SEOUL (Reuters) - U.S. ride-hailing company Uber Technologies Inc UBER.N and South Korean automaker Hyundai Motor 005380.KS have teamed up to develop electric air taxis, joining the global race to make small self-flying cars to ease urban congestion.
Global players like Germany's Daimler DAIGn.DE, China's Geely Automobile 0175.HK and Japan's Toyota 7203.T have all unveiled investments in startups that aim to deploy electric flying cars capable of vertical takeoff and landing. But there are big technological and regulatory hurdles to the plans.
Uber and Hyundai, for instance, gave widely different timelines for commercialization, underlining these challenges.
“We’ve been making steady progress toward a goal of launching Uber Air by 2023,” Eric Allison, head of Uber Elevate, said at the Consumer Electronics Show (CES) in Las Vegas.
Euisun Chung, Executive Vice Chairman of Hyundai, expects commercialization of urban air mobility service in 2028, saying it takes time for laws and systems to be in place.
Hyundai is the first carmaker to join Uber's air taxi project, which also counts Boeing BA.N subsidiary Aurora Flight Sciences among its partner firms.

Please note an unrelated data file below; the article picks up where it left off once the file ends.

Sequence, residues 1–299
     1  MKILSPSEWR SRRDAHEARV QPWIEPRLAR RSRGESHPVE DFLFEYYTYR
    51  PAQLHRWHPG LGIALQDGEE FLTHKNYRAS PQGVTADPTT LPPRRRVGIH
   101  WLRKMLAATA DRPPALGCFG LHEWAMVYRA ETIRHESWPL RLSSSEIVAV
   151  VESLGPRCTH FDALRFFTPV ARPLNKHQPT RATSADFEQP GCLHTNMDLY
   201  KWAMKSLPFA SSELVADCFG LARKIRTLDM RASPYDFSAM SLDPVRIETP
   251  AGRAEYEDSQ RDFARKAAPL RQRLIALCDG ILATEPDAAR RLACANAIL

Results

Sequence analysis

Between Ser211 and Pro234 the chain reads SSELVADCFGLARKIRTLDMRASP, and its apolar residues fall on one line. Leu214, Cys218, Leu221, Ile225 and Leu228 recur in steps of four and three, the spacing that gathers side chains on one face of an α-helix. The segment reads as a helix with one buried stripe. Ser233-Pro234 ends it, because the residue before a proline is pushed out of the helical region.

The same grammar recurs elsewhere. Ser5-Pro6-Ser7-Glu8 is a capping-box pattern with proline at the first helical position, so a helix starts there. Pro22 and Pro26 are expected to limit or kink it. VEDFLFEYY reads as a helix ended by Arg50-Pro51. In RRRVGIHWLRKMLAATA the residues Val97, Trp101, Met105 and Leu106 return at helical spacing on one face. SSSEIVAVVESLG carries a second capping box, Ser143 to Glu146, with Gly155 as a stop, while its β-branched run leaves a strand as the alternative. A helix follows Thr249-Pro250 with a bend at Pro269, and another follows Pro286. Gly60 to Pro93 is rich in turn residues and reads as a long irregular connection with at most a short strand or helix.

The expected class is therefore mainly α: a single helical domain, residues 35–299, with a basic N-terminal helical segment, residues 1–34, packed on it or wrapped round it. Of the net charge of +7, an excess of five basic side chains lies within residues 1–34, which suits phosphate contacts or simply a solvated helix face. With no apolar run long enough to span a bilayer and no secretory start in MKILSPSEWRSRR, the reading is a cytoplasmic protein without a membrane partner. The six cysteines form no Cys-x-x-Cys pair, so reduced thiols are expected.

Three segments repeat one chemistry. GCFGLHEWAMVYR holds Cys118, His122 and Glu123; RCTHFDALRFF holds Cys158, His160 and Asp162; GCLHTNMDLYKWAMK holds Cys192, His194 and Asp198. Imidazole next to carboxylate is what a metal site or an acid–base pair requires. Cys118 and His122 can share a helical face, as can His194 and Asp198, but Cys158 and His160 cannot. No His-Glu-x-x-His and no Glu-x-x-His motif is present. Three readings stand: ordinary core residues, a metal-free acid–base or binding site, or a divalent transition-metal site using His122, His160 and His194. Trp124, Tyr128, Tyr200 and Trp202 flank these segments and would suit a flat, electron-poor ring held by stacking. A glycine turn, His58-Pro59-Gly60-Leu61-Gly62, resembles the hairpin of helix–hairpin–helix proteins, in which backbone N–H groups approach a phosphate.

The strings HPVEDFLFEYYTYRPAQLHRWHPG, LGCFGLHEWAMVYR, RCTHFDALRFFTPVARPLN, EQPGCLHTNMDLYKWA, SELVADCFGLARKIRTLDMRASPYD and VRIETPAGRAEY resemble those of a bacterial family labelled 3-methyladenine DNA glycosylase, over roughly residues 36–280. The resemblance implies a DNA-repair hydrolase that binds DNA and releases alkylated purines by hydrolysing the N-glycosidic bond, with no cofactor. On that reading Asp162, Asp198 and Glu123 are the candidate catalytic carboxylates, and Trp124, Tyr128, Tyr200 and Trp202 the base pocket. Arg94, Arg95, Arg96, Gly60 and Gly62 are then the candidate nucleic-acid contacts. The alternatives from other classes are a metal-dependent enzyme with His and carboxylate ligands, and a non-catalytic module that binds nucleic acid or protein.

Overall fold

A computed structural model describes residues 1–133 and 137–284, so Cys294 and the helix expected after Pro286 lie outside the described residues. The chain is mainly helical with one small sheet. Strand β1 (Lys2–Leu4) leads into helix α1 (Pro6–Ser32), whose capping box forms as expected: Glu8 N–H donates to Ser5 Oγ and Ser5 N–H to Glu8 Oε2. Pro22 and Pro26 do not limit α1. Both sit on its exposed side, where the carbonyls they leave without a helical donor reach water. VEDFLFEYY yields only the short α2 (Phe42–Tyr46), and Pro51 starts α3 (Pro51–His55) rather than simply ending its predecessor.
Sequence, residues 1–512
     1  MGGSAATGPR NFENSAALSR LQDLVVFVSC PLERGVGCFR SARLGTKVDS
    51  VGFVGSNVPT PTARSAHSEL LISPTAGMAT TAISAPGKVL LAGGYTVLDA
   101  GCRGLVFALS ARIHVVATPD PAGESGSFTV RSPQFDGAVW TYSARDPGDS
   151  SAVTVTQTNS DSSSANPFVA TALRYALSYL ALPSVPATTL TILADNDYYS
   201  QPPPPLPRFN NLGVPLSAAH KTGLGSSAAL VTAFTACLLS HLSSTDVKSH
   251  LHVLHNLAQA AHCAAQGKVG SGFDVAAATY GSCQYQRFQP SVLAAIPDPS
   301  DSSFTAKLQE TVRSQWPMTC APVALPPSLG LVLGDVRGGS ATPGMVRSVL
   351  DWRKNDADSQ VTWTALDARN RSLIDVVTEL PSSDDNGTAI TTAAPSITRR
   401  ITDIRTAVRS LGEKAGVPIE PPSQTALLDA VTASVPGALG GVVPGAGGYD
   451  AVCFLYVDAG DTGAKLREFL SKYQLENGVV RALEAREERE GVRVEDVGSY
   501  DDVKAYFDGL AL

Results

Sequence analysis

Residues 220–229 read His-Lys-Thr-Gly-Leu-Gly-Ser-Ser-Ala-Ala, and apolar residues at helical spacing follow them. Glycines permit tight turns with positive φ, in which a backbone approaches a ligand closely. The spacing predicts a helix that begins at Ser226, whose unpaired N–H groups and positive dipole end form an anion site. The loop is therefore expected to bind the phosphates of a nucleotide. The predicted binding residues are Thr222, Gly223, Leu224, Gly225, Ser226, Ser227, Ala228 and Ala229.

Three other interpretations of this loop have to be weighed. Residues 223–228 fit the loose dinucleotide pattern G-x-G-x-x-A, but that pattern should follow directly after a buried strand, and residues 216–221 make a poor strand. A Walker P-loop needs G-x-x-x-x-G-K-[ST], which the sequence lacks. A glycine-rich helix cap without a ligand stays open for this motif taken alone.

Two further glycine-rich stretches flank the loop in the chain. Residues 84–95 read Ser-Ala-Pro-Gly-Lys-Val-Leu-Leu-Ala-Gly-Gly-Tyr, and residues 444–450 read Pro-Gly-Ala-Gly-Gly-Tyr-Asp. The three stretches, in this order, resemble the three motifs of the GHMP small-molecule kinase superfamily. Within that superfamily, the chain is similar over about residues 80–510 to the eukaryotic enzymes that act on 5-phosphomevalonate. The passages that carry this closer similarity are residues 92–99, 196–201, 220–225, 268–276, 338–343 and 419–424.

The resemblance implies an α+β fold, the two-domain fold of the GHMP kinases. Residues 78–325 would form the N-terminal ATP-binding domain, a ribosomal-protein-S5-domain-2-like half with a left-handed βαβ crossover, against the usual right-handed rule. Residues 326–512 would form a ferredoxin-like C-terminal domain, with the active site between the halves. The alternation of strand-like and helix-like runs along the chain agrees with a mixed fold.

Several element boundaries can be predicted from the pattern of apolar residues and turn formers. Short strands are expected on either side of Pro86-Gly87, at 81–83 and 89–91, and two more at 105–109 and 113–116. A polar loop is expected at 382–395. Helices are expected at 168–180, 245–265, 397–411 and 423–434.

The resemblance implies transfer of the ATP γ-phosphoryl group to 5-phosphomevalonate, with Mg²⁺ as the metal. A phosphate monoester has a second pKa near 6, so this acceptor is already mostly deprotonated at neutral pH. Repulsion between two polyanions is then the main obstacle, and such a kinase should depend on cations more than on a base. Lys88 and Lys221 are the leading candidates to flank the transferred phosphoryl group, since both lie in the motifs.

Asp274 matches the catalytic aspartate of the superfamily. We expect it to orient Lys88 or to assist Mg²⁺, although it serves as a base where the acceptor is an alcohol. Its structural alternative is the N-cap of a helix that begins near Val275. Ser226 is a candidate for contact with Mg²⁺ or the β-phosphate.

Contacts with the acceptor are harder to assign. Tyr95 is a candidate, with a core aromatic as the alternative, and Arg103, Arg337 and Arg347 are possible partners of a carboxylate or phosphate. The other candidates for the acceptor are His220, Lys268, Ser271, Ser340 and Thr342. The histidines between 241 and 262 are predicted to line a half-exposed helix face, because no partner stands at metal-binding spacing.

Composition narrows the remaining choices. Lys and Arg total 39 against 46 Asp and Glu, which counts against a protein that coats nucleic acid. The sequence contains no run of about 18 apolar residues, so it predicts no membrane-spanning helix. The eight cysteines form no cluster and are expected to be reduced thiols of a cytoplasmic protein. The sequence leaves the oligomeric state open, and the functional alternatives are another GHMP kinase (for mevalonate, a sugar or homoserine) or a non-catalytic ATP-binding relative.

Hyundai will produce and deploy the vehicles while Uber will provide aerial ride-share services.
Uber, which has partnered with eight companies on its air taxi project, however, acknowledged it would be “unrealistic” to expect all its partners to go to market at the same time.
“Our plans for our limited commercial operations in 2023 will likely involve other partners,” Sarah Abboud, Communications Manager at Uber, told Reuters.
Hyundai will unveil a concept electric aircraft developed with Uber at CES, with the self-flying electric car designed to carry up to four passengers with a pilot and fly on trips of up to 60 miles (100 km).
“The overall cost to produce and operate UAM (urban air mobility) vehicles should be really low enough for everyone to enjoy the freedom to fly,” Shin Jai-won, Head of Urban Air Mobility Division at Hyundai Motor, said.
Air taxis come in several shapes and sizes - electric motors replace jet engines, and aircraft have rotating wings and, in some cases, rotors in place of propellers.
The urban flight market will exceed the current number of commercial airplanes flying around the world - about 25,000, Hyundai’s Shin, a former NASA engineer hired by the automaker last year, estimated, without giving any timeframe.
Last year, Hyundai pledged to invest 1.8 trillion won ($1.5 billion) in what it called “urban air mobility” by 2025.
Boeing has said it is working with Volkswagen's VOWG_p.DE sports car brand, Porsche, to develop a concept electric flying vehicle that can transport people in urban areas.
Reporting by Hyunjoo Jin and Joyce Lee; Editing by Himani Sarkar
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